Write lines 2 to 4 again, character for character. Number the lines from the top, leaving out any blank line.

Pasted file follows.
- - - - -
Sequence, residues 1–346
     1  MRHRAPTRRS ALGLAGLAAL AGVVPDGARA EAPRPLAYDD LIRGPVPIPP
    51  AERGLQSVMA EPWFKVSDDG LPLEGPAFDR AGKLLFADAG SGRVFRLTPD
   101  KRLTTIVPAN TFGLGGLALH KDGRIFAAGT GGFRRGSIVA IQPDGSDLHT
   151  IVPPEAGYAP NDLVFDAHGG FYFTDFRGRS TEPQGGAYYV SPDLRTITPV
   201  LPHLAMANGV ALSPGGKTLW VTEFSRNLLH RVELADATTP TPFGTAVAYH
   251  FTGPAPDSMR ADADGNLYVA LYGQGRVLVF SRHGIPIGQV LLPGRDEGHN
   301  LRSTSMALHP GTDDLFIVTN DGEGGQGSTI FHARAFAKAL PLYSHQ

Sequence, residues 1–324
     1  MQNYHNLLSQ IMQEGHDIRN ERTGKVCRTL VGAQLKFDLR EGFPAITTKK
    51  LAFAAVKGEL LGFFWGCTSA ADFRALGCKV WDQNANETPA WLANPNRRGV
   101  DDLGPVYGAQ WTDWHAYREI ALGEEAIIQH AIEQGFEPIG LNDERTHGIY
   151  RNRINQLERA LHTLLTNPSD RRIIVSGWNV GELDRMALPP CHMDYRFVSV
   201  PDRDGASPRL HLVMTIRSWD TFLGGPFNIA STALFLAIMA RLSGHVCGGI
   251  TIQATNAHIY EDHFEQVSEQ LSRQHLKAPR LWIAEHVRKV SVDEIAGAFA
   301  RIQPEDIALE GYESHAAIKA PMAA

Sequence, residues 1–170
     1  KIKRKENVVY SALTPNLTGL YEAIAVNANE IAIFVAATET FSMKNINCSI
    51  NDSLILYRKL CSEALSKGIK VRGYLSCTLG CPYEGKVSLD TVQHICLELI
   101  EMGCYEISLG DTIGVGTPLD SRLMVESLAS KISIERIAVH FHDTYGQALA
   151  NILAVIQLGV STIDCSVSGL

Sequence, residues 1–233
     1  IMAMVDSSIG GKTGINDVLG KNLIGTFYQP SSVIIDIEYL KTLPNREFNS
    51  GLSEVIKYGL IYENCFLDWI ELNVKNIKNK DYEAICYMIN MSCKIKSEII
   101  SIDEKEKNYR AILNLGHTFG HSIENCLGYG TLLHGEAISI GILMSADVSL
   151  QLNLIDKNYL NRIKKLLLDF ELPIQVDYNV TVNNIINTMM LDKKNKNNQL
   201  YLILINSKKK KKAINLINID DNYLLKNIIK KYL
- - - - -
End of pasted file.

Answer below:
     1  MRHRAPTRRS ALGLAGLAAL AGVVPDGARA EAPRPLAYDD LIRGPVPIPP
    51  AERGLQSVMA EPWFKVSDDG LPLEGPAFDR AGKLLFADAG SGRVFRLTPD
   101  KRLTTIVPAN TFGLGGLALH KDGRIFAAGT GGFRRGSIVA IQPDGSDLHT